Healthcare spending has long been a substantial component of the national economy, and new projections foresee this growth will persist in coming years, though slowdowns are expected. Here are 5 things to know about health spending projections and their causes.
Healthcare spending has long been a substantial component of the national economy, and new projections foresee this growth will persist in coming years, though slowdowns are expected. The complex factors that contribute to health expenditures include trends in healthcare costs and utilization, but spending is also partially driven by health policy, consumer behaviors, and technological advances.
Here are 5 things to know about health spending projections and their causes.
1. A look at the recent patterns and projections for health spending
The National Health Expenditure Data from CMS indicates that US spending on healthcare will continue to grow, but at a less rapid pace than it has in previous years. In 2015, spending grew 5.8%, but according to the Altarum Institute, spending increased 5.2% in 2016.
CMS projects that from 2016 to 2025, national health spending will grow by an average of 5.6% annually. By 2025, it predicts that healthcare expenditures will be responsible for almost one-fifth (19.9%) of the gross domestic product, an increase from its 17.8% share a decade prior.
2. This growth is concentrated in outpatient settings
Katherine Hempstead, PhD, MA, of the Robert Wood Johnson Foundation, wrote in a recent report that spending has grown more in physicians’ offices than in hospitals since 2014. In fact, physician spending grew by more than 6% throughout all of 2015 and 3 quarters of 2016. This has been accompanied by job growth of 30% in ambulatory settings from 2007 to 2017, representing around 1.7 million new jobs in America, according to a Health Affairs blog article Hempstead co-authored.
PwC projects that in 2017, physician spending will contribute to 30% of employer health benefit costs, while outpatient care will be responsible for 19%. Inpatient costs will also account for 30%, and pharmacy benefits 17%.
3. Outside drivers of spending growth
Whether the spending growth is driven by increases in spending or utilization, experts say there are some broader trends that are likely contributing to the rising expenditures. According to Hempstead, as formerly uninsured people gain coverage they are more likely to seek care for the health issues they had previously avoided treating, which she calls “pent-up demand.”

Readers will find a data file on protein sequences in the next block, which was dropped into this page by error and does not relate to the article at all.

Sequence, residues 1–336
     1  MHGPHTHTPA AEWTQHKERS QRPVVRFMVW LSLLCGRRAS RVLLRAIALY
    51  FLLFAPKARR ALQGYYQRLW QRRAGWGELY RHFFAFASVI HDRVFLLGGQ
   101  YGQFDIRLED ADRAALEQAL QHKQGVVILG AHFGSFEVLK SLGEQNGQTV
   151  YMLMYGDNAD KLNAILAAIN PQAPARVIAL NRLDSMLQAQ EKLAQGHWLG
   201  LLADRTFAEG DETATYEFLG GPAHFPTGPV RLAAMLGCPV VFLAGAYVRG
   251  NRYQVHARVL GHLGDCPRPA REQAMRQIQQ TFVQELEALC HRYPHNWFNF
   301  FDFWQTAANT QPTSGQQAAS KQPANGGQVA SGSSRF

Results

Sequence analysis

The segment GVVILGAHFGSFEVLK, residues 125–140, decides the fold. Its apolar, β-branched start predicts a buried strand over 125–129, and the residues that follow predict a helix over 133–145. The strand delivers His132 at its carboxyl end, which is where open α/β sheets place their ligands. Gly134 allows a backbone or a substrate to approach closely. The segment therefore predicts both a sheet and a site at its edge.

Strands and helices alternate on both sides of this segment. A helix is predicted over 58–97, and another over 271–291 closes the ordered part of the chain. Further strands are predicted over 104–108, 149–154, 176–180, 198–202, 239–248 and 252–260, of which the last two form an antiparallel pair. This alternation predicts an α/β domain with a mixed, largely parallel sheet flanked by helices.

Another outside influence on health spending, she wrote, is the explosive growth of telemedicine. As healthcare systems invest in costly telemedicine resources, some consumers are even buying additional coverage packages so their insurance will pay for telehealth services.
4. Seesaw of inflators and deflators
According to PwC, not all outside influences are causing spending to grow; instead, the expenditure projections are the result of a complex equilibrium of factors, some causing additional spending, some saving money, and some having a net neutral effect. The 2 inflators it cited are the increased costs of convenience, as retail clinics and other sites invite more utilization, and the expansion in behavioral health coverage, which employers now must cover.
These inflators are counterbalanced by 2 deflators: high-performance networks, as employers offer value-based benefits instead of relying on cost sharing, and a slowdown in the growth of drug costs, which can be curtailed by more aggressive pharmacy benefit manager (PBM) strategies and potential political efforts. The impact of specialty drugs, PwC says, will be a net neutral, as spending on these drugs will decelerate this year.
5. What these trends mean for different stakeholders
In light of these coinciding drivers, PwC offers some tips for different players in the healthcare economy to stay competitive. For instance, healthcare providers should focus on offering convenience to customers and be open to new collaborations with other health systems, insurers, and PBMs.
Payers and employers, meanwhile, will benefit from shifting to a high performance model that turns away from cost sharing to emphasize value. Finally, pharmaceutical companies will need to set drug prices with several factors in mind, including the future impact of competitors and generics as well as the public’s reaction to price hikes.